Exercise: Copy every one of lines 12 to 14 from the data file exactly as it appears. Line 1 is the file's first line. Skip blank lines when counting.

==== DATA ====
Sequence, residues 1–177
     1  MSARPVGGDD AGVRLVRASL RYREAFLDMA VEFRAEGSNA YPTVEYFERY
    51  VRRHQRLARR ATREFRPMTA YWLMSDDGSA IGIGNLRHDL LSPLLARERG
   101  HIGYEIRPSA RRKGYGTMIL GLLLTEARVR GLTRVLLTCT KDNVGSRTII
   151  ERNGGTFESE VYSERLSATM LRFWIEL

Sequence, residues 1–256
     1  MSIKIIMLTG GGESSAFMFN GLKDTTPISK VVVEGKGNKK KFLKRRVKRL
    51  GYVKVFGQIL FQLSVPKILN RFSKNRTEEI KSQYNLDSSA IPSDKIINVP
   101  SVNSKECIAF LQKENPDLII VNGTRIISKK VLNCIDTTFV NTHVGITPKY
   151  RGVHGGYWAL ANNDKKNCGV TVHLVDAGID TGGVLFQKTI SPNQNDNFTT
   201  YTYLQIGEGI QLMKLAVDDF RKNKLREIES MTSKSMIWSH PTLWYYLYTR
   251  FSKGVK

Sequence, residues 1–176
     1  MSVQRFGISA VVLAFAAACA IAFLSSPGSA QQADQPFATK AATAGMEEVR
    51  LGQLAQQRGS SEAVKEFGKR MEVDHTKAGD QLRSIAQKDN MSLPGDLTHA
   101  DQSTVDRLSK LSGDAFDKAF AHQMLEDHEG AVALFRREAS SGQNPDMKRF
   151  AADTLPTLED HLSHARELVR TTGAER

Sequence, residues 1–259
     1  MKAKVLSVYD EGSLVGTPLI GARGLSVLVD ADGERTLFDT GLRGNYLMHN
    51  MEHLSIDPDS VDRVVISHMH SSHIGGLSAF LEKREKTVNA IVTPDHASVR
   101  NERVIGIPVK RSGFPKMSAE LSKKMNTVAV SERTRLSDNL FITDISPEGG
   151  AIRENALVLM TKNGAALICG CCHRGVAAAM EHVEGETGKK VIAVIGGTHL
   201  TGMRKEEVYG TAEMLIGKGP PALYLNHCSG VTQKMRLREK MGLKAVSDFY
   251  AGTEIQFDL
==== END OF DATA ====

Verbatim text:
   251  FSKGVK

Sequence, residues 1–176
     1  MSVQRFGISA VVLAFAAACA IAFLSSPGSA QQADQPFATK AATAGMEEVR